During the mission, UN-SPIDER experts and an expert from its Nigeria Regional Support... read more

Publishing date: 22/07/2019
Regional Support Offices mentioned:
Hurricane Florence (2018). Image: NASA Earth Observatory.

According to a new study by scientists from NASA and NOAA, tropical cyclones stall more frequently and stay longer near the coastline. This potentially leads to more precipitation over confined locations and thus an aggravation of tropical cyclone hazards for coastal populations.

In the new study, scientists Hall and Kossin examined all tropical cyclones from 1944-2017 in the National Hurricane Center's HURDAT2 database to analyze the position and calculate the average forward speed of each storm that has reached the coastal regions and to investigate the direction of the storm track. They found that 66 storms in the North Atlantic stayed in a coastal region for more than two days. Almost half of these 66 stalls appeared in the last third of the 74 years they analyzed, while only 17 appeared in the first third. In addition, they found that long-lasting storms were more likely to contain meanders.

The trajectory of a tropical cyclone... read more

Publishing date: 04/07/2019
Modeled catchment mean annual loss. For clarity, only catchments with a mean annual loss of >$1.5 million have been plotted. Image: Quinn, N., Bates, P. D., Neal, J., Smith, A., Wing, O., Sampson, C., et al. ( 2019).

A recent study, published in the Water Resource Research journal, presents a new method for a spatially realistic national flood risk assessment.

Researchers expanded an existing statistical model, based on U.S. Geological Survey (USGS) river flow data, to simulate a thousand years of potential flood events. By calculating the damage for each event in dollars, they were able to estimate the probability of the United States suffering particular annual flood damages.

Traditional risk flood analysis models assume that the impacts on the entire flood-affected area are the same, but flooding can be more severe in some areas than in others, even during the same flood event. At national scales, traditional risk analyses can only estimate the average annual loss. To estimate the total annual losses that might occur in more extreme flooding... read more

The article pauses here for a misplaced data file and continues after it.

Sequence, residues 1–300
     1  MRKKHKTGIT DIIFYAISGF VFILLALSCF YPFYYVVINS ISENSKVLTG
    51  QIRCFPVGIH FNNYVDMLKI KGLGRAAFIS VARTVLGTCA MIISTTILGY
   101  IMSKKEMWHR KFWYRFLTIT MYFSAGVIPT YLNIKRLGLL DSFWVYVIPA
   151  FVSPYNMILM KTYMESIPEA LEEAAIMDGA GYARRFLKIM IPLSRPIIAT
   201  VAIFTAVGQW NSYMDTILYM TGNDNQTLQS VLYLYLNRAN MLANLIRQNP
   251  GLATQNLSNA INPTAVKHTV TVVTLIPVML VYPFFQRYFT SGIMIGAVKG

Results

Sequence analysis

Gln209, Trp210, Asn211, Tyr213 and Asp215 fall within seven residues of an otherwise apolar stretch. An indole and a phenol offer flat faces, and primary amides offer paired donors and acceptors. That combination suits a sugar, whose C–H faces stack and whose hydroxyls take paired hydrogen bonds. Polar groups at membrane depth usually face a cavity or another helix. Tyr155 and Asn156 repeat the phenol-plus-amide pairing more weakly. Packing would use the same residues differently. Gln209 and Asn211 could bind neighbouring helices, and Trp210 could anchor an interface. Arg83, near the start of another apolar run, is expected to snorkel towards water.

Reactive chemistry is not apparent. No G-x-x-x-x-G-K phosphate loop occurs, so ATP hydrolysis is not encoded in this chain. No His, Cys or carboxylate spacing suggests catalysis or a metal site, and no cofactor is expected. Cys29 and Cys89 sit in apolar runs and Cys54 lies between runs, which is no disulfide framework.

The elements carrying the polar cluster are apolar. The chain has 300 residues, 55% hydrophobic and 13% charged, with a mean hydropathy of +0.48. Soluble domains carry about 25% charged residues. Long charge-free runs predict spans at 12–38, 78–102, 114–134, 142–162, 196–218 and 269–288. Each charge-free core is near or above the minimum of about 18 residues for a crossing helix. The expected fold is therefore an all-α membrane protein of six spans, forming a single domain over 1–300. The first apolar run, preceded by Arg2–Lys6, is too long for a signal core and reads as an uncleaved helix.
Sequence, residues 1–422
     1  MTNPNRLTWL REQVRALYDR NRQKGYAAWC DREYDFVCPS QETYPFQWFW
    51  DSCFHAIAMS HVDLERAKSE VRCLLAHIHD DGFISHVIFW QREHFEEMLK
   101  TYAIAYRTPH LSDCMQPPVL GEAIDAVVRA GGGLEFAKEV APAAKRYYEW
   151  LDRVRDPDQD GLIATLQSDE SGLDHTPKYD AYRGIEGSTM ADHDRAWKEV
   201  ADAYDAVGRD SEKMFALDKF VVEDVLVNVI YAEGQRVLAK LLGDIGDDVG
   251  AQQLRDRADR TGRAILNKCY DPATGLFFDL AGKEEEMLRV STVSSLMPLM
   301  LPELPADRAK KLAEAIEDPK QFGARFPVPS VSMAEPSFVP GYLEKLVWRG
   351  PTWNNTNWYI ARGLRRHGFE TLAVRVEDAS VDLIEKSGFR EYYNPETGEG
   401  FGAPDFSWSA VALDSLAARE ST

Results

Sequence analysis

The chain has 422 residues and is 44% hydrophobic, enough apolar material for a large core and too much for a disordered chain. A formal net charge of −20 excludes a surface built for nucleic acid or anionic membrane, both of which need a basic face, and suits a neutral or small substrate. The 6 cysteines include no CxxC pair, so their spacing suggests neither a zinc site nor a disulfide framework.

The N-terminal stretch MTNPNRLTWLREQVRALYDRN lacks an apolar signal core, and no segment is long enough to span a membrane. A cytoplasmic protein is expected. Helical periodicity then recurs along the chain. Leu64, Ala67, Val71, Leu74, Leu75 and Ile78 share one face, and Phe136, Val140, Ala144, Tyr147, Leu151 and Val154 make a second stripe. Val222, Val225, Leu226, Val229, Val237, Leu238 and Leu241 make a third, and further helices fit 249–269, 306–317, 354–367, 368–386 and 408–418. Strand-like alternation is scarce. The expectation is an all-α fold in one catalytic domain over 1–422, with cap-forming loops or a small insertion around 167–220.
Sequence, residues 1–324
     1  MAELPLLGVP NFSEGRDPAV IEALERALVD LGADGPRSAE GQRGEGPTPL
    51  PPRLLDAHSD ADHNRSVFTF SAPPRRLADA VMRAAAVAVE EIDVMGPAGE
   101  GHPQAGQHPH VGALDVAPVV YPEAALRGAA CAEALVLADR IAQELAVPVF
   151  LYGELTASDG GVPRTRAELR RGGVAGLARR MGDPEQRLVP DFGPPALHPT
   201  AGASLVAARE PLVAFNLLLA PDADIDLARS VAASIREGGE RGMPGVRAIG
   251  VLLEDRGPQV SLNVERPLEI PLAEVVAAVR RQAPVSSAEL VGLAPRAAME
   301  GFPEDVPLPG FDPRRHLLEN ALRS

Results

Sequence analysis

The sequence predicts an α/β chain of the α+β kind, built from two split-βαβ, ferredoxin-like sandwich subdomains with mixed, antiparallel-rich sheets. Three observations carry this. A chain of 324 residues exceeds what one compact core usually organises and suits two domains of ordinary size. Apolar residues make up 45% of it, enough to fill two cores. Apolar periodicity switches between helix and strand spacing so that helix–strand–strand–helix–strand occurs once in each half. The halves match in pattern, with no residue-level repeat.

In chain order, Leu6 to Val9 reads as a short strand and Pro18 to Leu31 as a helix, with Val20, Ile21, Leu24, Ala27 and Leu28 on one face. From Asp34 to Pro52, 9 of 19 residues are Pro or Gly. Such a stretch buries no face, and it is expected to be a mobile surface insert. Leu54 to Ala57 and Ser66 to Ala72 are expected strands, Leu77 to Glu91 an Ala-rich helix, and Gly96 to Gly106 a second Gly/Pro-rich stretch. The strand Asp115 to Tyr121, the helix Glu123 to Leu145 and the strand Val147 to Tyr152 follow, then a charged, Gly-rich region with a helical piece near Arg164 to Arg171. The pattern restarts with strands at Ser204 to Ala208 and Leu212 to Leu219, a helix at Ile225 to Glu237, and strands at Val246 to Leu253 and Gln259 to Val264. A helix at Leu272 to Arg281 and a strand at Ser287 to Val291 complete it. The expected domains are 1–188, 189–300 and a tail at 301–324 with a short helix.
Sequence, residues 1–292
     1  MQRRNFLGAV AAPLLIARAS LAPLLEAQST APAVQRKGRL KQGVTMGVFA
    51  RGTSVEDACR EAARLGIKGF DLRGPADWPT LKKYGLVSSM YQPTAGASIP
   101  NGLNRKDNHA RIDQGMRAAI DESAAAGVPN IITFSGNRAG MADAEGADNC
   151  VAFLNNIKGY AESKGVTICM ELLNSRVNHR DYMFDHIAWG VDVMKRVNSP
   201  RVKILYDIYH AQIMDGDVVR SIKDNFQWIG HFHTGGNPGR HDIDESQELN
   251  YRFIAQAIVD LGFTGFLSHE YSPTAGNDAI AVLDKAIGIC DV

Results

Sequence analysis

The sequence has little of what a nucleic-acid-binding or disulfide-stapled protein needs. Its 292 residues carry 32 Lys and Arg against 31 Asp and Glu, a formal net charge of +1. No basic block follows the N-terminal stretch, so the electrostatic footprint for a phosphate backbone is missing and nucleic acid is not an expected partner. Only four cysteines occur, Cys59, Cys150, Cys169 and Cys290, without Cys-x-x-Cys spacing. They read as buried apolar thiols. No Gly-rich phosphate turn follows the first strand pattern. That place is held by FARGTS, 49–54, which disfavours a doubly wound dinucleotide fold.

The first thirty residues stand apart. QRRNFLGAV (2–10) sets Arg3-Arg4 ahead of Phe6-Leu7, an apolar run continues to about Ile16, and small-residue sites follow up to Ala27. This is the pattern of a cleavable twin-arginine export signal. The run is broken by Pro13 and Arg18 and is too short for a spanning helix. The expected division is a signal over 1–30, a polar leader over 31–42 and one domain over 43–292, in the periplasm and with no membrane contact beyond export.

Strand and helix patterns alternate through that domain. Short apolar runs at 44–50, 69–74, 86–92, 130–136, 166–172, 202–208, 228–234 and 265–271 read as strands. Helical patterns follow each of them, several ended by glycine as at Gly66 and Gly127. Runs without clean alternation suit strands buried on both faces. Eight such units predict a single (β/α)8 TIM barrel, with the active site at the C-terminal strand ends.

Publishing date: 04/07/2019
Damage from a 7.4 earthquake and a tsunami that hit the Indonesian island of Sulawesi on 28 September 2018. Image: European Union/Pierre Prakash/Flickr.

In the past year, “there were 315 natural disaster events recorded with 11,804 deaths, over 68 million people affected, and US$131.7 billion in economic losses around the world.” This is according to the Centre for Research on the Epidemiology of Disasters (CRED) in its recently released 2018 Natural Disasters Report

While these 2018 natural disaster values represent a decrease when compared with the annual averages from 2008 to 2017, some geographic areas still experienced great losses of life and damages due to natural hazards. Indonesia was most adversely impacted in terms of lives claimed, with earthquakes in August and September 2018 that left a total of 4,904 people dead or missing, according to the CRED. Earthquakes also accounted for the greatest number of deaths among natural disasters worldwide in 2018. And among all types of natural hazards, floods affected the greatest number of people during the past... read more

Publishing date: 01/07/2019

Recommended Practices

Storm surges and tidal waves are global phenomena that considerably affect human populations in coastal and island regions. According to the Guide to Storm Surge Forecasting published by the World Meteorological Organization in 2011, storm surges can be defined as “oscillations of the water level in a coastal or inland body of water in the time range of a few minutes to a few days, resulting from forcing from atmospheric weather systems. According to this definition, the so-called wind waves, which have durations on the order of several seconds, are excluded”. Storm surges are a coastal...

Data Source

GP-STAR factsheet

Schematic Workflow for the derivation of an exemplary Sendai indicator using crisis information generated from satellite remote sensing (Source: own figure; Copernicus Emergency Management Service (©European Union), EMSN024, EMSN056)
Publishing institution: German Federal Office of Civil Protection and Disaster Assistance

To meet the global challenges, the United Nations adopted several framework agreements, including the Sendai Framework for Disaster Risk Reduction at the Third United Nations World Conference on Disaster Risk Reduction (2015-2030). The framework builds the international reference point for disaster preparedness and focuses on reducing existing and future disaster risks as well as enhancing disaster resilience. In the Sendai framework, seven global targets have been agreed to measure global progress in implementing the framework through quantifiable indicators and to present, compare and evaluate the status and progress uniformly worldwide. The recording of the status and degree of target achievement using the agreed indicators requires the use of various data sources, which must be consistent and comparable in time and space in order to ensure global monitoring.

Pages

Hazard group

Terms in the same hazard group

Zircon - This is a contributing Drupal Theme
Design by WeebPal.